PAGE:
Guide Escape From Phalaris: An Odyssey Through The Creative Process in Brief Meditations

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Three points are deserving of remark in what immediately follows:—First, that the answer of Socrates is altogether indirect. He does not say that happiness consists in the contemplation of the idea of justice, and still less will he be tempted to affirm the Stoical paradox that the just man can be happy on the rack. But first he dwells on the difficulty of the problem and insists on restoring man to his natural condition, before he will answer the question at all.

He too will frame an ideal, but his ideal comprehends not only abstract justice, but the whole relations of man. Under the fanciful illustration of the large letters he implies that he will only look for justice in society, and that from the State he will proceed to the individual. His answer in substance amounts to this,—that under favourable conditions, i. That he falls into some degree of inconsistency, when in the tenth book A he claims to have got rid of the rewards and honours of justice, may be admitted; for he has left those which exist in the perfect State.

Still he maintains the true attitude of moral action. Let a man do his duty first, without asking whether he will be happy or not, and happiness will be the inseparable accident which attends him. Secondly, it may be remarked that Plato preserves the genuine character of Greek thought in beginning with the State and in going on to the individual. First ethics, then politics—this is the order of ideas to us; the reverse is the order of history.

WILLIAM SHAKESPEARE.

Only after many struggles of thought does the individual assert his right as a moral being. In early ages he is not one, but one of many, the citizen of a State which is prior to him; and he Edition: current; Page: [ xxxii ] has no notion of good or evil apart from the law of his country or the creed of his church. And to this type he is constantly tending to revert, whenever the influence of custom, or of party spirit, or the recollection of the past becomes too strong for him.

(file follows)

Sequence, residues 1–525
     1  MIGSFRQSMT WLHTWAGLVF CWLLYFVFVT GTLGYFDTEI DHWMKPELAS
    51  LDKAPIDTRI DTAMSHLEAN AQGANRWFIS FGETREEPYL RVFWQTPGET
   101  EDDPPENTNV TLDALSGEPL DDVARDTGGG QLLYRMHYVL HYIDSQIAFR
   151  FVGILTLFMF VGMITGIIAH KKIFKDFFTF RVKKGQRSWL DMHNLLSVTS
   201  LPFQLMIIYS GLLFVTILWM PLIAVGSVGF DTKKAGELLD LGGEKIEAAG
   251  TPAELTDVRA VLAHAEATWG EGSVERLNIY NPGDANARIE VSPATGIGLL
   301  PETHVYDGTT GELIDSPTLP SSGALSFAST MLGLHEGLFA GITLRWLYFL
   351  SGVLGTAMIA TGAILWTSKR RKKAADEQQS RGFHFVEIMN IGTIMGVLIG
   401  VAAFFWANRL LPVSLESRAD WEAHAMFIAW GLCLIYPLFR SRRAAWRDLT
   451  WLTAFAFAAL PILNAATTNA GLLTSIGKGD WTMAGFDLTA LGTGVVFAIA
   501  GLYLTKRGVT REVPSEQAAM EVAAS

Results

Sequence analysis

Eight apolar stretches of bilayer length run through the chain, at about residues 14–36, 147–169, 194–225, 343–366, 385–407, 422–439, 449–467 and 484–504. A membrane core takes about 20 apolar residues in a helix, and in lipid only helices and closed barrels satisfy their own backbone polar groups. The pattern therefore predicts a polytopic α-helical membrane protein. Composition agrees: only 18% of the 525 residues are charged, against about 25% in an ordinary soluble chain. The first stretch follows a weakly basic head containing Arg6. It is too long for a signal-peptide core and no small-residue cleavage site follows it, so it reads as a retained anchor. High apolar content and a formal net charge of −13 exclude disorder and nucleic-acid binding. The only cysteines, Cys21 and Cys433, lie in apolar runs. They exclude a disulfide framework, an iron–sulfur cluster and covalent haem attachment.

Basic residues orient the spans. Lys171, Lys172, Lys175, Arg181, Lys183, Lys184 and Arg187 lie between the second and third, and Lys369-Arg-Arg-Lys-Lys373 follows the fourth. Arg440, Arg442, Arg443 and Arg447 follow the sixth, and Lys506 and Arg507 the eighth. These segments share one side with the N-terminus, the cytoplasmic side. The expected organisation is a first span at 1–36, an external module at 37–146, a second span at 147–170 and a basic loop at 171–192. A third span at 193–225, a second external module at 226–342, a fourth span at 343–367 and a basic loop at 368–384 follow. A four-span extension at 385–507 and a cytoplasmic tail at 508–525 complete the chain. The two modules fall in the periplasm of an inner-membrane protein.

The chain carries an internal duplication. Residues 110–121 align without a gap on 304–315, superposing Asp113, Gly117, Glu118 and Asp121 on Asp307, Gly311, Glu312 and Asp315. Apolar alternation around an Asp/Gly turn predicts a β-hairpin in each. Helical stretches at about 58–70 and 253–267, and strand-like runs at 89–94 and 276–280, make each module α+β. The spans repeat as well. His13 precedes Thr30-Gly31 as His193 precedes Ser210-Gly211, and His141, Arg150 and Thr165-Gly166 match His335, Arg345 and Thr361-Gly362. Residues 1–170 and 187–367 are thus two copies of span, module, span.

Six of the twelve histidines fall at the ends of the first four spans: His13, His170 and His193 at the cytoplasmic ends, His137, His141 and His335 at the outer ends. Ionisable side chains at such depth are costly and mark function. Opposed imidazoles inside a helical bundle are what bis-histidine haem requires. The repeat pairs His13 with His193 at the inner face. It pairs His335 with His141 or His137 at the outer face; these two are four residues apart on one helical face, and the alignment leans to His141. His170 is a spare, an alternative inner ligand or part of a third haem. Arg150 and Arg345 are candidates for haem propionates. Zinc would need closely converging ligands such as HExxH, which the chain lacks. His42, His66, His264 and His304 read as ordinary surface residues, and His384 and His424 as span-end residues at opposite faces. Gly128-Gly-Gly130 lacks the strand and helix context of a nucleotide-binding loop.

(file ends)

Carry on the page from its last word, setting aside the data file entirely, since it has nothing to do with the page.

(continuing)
Thirdly, we may observe the confusion or identification of the individual and the State, of ethics and politics, which pervades early Greek speculation, and even in modern times retains a certain degree of influence. The subtle difference between the collective and individual action of mankind seems to have escaped early thinkers, and we too are sometimes in danger of forgetting the conditions of united human action, whenever we either elevate politics into ethics, or lower ethics to the standard of politics.

Interpretive Frames (Part I) - Imagining Reperformance in Ancient Culture

The good man and the good citizen only coincide in the perfect State; and this perfection cannot be attained by legislation acting upon them from without, but, if at all, by education fashioning them from within. He knows not how to answer them, although he is afraid of deserting justice in the hour of need. He therefore makes a condition, that having weak eyes he shall be allowed to read the large letters first and then go on to the smaller, that is, he must look for justice in the State first, Jowett and will then proceed to the individual.

Accordingly he begins to construct the State. Society arises out of the wants of man. His first want is food; his second a house; his third a coat. The sense of these needs and the possibility of satisfying them by exchange, draw individuals together on the same spot; and this is the beginning of a State, which we take the liberty to invent, although necessity is the real inventor. There must be first a husbandman, secondly a builder, thirdly a weaver, to which may be added a cobbler.